In the eleventh century began the age of intense disputes between the papal establishment in Rome and the monarchies of Christendom. The Popes started excommunicating the monarchs to force them to obey the tenets of religion and the papal directives on political issues.
Several major figures of the eleventh century were excommunicated by the Popes: Henry IV of Germany (excommunicated by Pope Alexander II), Philip I of France (excommunicated by Pope Urban II), King Harold of England (excommunicated by Pope Gregory VII), Alexios I Komnenos of the Byzantine Empire (excommunicated by Pope Gregory VII), the Norman Duke Robert Guiscard (excommunicated by Pope Gregory VII). When the monarchs made the appropriate conciliatory gestures, the Popes allowed them to return to the communion but when another dispute emerged, the monarchs were excommunicated again.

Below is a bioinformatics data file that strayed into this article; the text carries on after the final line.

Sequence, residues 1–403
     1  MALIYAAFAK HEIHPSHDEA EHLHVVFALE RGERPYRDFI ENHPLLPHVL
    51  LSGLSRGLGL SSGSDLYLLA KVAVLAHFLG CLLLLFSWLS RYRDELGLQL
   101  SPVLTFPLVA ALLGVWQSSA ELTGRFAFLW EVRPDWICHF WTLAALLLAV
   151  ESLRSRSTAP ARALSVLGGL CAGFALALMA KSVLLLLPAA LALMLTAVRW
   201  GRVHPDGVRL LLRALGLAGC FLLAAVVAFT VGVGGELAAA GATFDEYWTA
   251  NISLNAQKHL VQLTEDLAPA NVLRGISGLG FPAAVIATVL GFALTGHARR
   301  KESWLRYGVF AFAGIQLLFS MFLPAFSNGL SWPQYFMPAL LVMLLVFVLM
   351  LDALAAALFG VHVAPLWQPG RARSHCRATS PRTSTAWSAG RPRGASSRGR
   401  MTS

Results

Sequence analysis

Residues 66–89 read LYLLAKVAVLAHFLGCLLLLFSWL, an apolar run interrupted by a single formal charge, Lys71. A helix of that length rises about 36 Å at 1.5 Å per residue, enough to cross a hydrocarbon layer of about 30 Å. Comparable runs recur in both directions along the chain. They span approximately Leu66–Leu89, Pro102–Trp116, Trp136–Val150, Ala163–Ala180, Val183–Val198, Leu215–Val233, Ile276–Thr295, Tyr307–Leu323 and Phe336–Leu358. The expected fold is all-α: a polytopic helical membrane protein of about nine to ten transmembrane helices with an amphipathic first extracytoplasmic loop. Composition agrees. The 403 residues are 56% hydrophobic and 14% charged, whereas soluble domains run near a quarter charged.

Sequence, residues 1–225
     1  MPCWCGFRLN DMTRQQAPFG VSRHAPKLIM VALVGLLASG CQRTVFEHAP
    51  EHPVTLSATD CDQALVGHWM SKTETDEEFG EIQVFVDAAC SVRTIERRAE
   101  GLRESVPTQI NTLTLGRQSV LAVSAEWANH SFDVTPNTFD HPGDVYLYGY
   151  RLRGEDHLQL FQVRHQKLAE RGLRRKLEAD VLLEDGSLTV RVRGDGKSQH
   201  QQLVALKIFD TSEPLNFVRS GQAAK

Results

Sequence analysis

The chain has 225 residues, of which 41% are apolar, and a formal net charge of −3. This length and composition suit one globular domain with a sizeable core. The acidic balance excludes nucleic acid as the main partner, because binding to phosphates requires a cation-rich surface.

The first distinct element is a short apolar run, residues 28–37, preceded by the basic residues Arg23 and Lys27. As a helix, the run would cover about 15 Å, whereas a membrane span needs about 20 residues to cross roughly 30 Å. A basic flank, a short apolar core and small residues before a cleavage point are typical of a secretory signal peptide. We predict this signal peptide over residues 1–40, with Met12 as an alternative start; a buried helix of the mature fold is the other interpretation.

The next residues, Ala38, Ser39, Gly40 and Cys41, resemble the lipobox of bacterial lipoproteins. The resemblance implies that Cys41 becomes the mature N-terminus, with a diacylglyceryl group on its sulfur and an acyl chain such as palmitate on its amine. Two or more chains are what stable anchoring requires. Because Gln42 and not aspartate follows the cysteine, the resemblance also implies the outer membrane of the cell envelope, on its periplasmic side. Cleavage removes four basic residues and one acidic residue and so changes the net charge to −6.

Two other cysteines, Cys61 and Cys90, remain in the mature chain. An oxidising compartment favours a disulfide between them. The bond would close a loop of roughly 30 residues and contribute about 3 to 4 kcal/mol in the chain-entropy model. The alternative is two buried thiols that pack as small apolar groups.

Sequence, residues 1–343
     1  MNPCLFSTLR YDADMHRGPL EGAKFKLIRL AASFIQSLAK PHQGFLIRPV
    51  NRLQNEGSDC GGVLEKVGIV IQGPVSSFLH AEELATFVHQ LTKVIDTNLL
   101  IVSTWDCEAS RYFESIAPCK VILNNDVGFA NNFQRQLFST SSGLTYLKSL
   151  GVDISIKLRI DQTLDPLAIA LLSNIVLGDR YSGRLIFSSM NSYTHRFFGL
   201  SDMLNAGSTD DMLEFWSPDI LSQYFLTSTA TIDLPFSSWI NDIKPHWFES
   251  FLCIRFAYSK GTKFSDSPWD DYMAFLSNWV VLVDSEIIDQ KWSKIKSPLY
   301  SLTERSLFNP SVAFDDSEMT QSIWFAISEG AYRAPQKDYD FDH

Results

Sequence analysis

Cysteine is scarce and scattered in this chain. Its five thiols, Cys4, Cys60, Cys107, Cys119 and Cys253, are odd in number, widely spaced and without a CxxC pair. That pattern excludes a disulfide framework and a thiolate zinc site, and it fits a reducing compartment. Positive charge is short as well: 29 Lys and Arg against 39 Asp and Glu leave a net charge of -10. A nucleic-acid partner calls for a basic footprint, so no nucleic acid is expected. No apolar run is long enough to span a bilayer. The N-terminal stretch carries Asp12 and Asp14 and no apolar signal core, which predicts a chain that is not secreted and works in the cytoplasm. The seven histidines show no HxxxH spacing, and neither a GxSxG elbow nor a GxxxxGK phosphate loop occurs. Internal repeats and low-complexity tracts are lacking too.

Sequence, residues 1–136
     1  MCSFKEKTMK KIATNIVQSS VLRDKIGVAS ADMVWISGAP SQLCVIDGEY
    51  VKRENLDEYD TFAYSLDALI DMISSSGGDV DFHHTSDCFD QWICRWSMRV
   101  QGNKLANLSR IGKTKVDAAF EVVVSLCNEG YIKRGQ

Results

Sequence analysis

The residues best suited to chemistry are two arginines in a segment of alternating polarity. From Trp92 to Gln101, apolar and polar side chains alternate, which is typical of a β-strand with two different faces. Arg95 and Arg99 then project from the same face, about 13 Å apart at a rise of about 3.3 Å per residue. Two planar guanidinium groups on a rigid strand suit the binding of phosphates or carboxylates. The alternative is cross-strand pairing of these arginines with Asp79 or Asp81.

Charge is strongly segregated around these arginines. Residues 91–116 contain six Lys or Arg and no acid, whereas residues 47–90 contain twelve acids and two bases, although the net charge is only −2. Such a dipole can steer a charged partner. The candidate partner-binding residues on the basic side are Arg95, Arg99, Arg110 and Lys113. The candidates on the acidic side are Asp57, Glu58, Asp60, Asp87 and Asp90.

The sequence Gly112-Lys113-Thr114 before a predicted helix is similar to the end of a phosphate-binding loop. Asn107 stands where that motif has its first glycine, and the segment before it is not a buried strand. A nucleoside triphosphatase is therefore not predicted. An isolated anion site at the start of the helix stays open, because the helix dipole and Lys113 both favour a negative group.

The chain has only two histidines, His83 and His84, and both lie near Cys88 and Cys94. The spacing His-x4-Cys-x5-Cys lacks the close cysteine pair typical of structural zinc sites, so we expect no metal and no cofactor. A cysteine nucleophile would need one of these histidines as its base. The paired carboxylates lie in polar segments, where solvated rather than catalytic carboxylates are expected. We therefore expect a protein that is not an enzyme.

Towards the end of the eleventh century, the Popes realized that the threat of excommunication was not a significant deterrence for the monarchs, and they conceived the idea of having an army that would be under papal control and could be used to subdue the recalcitrant monarchs. The idea of crusades was conceived. In principle, the crusaders owed allegiance to the papal authority. But the situation was different in practice and the crusaders often obeyed the monarchs. Between the twelfth and fifteenth centuries crusades were called against several excommunicated Christian monarchs.